For example, their plans to close the South Bellevue P&R this year, next year disrupt those who live or commute along the route into Bellevue and close the I-90 Bridge center roadway, will surely “detract” from eastside support.    The best way to garner eastside support would be to abandon East Link, a light rail extension that would increase not decrease I-90 Bridge congestion.  (It’s still not clear they’ve solved the light rail/floating bridge compatibility problems) 

Proceed with adding the 4th lanes on the I-90 Bridge outer roadways for non-transit HOV and initiate two-way BRT on the bridge center roadway.   Propose using existing Prop 1 funds and any needed additional funds over the next five years adding thousands of parking spaces throughout eastside.   Use more of the funds to add the buses needed not only for BRT routes across I-90 Bridge into and out of Seattle but also to and from Bellevue and Overlake T/Cs from some of the P&R’s.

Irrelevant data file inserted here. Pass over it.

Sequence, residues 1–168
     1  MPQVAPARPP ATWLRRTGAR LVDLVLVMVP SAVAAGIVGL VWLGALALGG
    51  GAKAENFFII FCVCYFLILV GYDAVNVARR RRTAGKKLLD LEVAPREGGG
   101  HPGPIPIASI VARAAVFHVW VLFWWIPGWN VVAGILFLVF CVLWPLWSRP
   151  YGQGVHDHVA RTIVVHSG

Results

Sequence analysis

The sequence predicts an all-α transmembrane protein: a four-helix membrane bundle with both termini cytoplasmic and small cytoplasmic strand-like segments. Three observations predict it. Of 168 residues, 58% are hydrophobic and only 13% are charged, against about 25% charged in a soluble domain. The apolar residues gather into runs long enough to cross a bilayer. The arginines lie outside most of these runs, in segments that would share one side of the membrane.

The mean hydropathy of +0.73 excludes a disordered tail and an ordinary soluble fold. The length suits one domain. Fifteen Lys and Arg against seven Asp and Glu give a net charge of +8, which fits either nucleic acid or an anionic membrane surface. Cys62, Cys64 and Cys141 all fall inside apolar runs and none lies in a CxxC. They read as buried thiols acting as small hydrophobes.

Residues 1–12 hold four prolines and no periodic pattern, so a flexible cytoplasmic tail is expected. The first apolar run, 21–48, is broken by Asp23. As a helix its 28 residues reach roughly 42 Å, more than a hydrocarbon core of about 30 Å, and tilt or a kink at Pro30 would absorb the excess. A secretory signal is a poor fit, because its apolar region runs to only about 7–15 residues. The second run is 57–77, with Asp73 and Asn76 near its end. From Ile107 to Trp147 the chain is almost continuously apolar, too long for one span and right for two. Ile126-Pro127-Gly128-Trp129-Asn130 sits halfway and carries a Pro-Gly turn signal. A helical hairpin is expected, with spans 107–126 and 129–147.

“Abandoning” East Link would avoid disrupting those who use the South Bellevue P&R or live or commute along the route into Bellevue.  It would also negate the need to close the I-90 Bridge center roadway avoiding the resulting congestion on bridge outer roadways.  Bellevue residents could retain their “City in the Park” persona and the Mercer Slough Park’s quiet solitude.   Cross-lake BRT capacity could dwarf any foreseeable transit needs.   Thousands of additional transit riders would reduce congestion throughout the eastside and garner widespread support for Sound Transit.